TIME - Top Stories
4 days
Separately, the army's 9th Division moved into the village of Bakhira, also southwest of the city, the Iraqi Ministry of Defense said. The United Nations meanwhile warned that hundreds of thousands of civilians trapped inside their houses are at extreme risk, with dwindling fuel and food supplies and scare drinking water and electricity. The situation is distressing. People, right now, are in trouble, Lise Grande, the U.N. humanitarian coordinator for Iraq, said in a statement. We are hearing reports of parents struggling to feed their children and to heat their homes, Grande said. Citing witnesses in western Mosul, the U.N. said nearly half of all food shops were closed and bakeries had shut down due to a lack of fuel and an inability to purchase costly flour. Prices of kerosene and cooking gas have skyrocketed, and many of the most destitute families are burning wood, furniture, plastic or garbage for cooking and heating.
The Sun Daily - World News
4 days
Aid organisations had feared an exodus of unprecedented proportions before the start of the Mosul operation but half a million – a significant majority – of residents stayed home. Trapped civilians Their continued presence prevented both sides from resorting to deadlier weaponry, which may have slowed down the battle but averted a potentially much more serious humanitarian emergency in the middle of winter as well as more extensive material damage to the city. "Mosul is going better than we expected, but there are serious dangers ahead," Lise Grande, UN humanitarian coordinator in Iraq, told AFP. Residents of west Mosul have reported very difficult living conditions and warned that they were already low on food, with weeks of fighting expected to lie ahead. Save the Children urged all parties to protect the estimated 350,000 children currently trapped in west Mosul.
OK!
4 days
Jesy Nelson was seen enjoying a night out with friends and TOWIE's Chris Clark [Snapchat ] Little Mix singer Jesy Nelson left her fans guessing after her friend shared a racy video of her showing off some sultry dance moves next to TOWIE star Chris Clark. The former X Factor star, who is said to have split from her fiancé Jake Roche last year, enjoyed a night out with pals during a break from the Little Mix tour with Ariana Grande. Jesy’s friend Sam King shared footage from the ...
Herald Courier
4 days
EDIS Emergency & Disaster Alert
5 days
The shrunken carcasses of cows lie in scorched fields outside the city of Campina Grande in northeast Brazil, and hungry goats search for food on the cracked-earth floor of the Boqueirao reservoir that serves the desperate town. After five years of drought, farmer Edivaldo Brito says he cannot remember when the Boqueirao reservoir was last full. But he has never seen it this empty. We've lost everything: bananas, beans, potatoes, Brito said. We have to walk 3 kilometers just to wash clothes. Brazil's arid northeast is weathering its worst drought on record and Campina Grande, which has ...
BBC News 24
5 days
The central government there is under pressure to finalise a much anticipated and controversial rerouting of one of the country's largest rivers. Pablo Uchoa has this report. This is what five years of drought have done to this reservoir. It is of Campina Grande, two years of rationing have hit the poor harder.
ABC News - International
5 days
Daily Mail - Home
6 days
EVO News
6 days
Voice Of America
7 days
"There are domino effects all over." Many local business people expect Mexico to fight back. "A 20 percent tax could start a trade war with Mexico. I don't see how we can impose that unilaterally," said Ricardo Crisantes, vice president of marketing and sales at Wholesum Harvest, which is part of a Mexico-based company that has offices in Nogales and organic farms on both sides of the border. Company representatives said a border tax could drive the company to shift more farming to the United States, but it also could send import demand to other parts of Latin America that would bypass Nogales. Restaurant and store owners say the tax would make already tough times even worse. "It would be huge," said Karla Galindo, 35, who owns Rancho Grande restaurant in Nogales with her husband. She and other local business owners said sales have already been hurt by the war of words between officials in Mexico and the United States. "People are afraid to spend their money," Galindo said.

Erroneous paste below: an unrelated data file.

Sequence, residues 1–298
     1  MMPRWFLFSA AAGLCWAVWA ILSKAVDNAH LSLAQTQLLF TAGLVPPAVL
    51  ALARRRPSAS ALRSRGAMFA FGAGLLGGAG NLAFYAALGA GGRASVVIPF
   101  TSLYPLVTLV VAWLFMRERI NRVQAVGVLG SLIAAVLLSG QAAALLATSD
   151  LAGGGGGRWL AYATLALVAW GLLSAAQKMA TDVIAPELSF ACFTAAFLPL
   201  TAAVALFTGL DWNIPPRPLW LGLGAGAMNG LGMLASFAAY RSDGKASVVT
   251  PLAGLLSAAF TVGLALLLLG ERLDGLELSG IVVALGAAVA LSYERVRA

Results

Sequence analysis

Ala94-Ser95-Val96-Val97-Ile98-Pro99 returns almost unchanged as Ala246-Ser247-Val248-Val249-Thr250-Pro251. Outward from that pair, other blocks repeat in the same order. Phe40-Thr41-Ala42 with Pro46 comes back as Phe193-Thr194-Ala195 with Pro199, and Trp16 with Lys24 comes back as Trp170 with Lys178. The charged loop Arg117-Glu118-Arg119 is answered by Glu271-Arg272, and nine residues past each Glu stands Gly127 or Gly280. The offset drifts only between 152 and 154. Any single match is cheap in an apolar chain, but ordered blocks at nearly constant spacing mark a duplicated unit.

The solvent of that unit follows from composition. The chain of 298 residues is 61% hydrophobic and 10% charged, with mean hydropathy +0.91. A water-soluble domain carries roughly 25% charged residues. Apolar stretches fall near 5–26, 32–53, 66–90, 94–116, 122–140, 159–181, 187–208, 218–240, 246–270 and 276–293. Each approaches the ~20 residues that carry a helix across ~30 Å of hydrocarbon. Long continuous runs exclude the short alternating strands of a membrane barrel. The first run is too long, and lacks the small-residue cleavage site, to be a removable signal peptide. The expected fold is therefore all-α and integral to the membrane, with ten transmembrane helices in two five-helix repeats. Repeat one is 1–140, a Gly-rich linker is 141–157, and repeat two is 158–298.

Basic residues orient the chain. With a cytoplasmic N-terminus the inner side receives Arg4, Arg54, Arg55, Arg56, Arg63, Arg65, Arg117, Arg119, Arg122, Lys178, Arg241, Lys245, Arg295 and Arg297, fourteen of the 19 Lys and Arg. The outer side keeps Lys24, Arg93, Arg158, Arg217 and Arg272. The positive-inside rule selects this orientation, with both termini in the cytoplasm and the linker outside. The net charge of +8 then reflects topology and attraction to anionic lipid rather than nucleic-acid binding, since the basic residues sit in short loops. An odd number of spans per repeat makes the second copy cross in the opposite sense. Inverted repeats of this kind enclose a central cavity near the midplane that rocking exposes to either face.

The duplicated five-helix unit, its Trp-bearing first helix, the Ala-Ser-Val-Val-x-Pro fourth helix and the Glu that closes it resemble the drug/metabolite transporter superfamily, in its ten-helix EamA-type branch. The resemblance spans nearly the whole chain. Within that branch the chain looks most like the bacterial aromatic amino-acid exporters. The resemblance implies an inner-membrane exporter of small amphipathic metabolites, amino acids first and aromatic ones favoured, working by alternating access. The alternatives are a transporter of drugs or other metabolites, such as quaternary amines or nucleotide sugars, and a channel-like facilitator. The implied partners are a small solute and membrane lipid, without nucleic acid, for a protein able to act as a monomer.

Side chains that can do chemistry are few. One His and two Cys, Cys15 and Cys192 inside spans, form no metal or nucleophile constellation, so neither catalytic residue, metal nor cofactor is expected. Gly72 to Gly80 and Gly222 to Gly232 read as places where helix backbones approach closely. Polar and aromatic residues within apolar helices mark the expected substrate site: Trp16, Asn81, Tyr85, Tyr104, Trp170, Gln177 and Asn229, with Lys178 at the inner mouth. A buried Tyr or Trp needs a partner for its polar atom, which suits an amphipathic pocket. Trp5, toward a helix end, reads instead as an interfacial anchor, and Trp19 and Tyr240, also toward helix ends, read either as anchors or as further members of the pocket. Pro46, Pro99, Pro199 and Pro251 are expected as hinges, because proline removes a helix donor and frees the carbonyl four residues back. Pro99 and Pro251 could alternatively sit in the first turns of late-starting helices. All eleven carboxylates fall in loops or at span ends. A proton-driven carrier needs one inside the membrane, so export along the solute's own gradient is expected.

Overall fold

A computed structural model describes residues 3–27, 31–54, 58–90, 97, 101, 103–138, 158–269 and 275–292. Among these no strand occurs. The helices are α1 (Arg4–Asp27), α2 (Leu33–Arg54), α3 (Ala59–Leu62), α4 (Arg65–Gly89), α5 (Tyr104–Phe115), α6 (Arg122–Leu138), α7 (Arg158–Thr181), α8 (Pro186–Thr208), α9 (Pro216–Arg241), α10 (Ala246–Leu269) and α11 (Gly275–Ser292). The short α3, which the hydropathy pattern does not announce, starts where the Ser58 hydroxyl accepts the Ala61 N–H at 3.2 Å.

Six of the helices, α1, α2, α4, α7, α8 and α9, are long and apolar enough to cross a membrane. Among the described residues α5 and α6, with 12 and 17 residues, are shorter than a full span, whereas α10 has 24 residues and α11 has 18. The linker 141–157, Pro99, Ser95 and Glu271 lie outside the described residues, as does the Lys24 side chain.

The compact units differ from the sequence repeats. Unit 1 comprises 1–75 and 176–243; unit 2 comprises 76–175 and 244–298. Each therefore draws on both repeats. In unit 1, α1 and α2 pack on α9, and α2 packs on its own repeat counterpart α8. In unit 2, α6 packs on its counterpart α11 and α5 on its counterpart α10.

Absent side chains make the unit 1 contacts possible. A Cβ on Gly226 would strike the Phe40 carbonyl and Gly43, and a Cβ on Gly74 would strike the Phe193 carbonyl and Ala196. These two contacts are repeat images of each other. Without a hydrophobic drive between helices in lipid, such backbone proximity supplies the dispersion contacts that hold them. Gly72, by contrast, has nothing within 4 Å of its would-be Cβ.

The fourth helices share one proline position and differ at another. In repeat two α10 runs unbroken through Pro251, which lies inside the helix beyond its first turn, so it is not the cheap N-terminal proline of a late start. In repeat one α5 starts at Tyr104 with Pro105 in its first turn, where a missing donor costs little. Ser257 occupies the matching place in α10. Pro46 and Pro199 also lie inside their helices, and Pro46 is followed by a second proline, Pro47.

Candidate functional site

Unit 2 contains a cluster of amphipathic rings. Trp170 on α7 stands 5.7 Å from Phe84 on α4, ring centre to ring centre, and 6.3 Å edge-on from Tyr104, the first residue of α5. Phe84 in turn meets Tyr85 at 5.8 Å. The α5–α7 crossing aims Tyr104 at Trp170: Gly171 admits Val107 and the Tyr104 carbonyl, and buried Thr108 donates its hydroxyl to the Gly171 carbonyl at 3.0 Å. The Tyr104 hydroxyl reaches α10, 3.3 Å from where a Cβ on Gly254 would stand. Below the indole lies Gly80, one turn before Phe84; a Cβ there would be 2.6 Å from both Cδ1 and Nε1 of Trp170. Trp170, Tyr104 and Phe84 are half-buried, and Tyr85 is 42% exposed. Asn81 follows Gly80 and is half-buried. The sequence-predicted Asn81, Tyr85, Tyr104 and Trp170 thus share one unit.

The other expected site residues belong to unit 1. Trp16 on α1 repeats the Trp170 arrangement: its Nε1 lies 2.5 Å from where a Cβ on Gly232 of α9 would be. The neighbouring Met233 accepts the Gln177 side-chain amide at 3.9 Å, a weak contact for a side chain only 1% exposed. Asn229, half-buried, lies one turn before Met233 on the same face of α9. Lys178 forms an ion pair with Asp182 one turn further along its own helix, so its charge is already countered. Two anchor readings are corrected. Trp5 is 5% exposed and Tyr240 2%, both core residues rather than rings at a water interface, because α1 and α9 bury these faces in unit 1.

Deadline
7 days
Voice Of America
7 days
Security concerns forced the United Nations to pause its aid operations this week in east Mosul, which Iraqi forces recaptured from Islamic State last month, but they will resume soon, a U.N. humanitarian official said on Wednesday. “Based on reports of insecurity, the U.N. decided that we would not send missions into eastern parts of Mosul until we reassess security conditions,” said Lise Grande, the U.N. Humanitarian Coordinator for Iraq. “This has now been done and we expect to re-engage as soon as possible, hopefully within the next day or so.” A suicide bombing at a restaurant in east Mosul last Friday killed 14 people and wounded 39, the second of its kind in the four-month-old Mosul battle. The attack fractured a sense of safety and relief that many residents felt after Iraqi forces pushed the jihadists out of their neighborhoods in months of heavy street fighting.
The Huffington Post
8 days
And some came seeking opportunities to escape poverty and make a better life for themselves and their families. Yet no matter why or how we came to America, any greatness realized within our borders is because we are all here. The words of President Barack Obama ring resoundingly in my heart today, "We were strangers once, too," he said. "And whether our forebears were strangers who crossed the Atlantic, or the Pacific, or the Rio Grande, we are here only because this country welcomed them in, and taught them that to be an American is about something more than what we look like, or what our last names are, or how we worship." Hebrew scripture reminds us that the Egyptians grew in their disdain for the refugees in their midst. They treated them poorly and subjected them to unfair labor laws. The Egyptians Empire unfairly targeted the Hebrew refugees with propaganda campaigns designed to turn the Egyptian people against them by portraying the Hebrews as evil and a threat.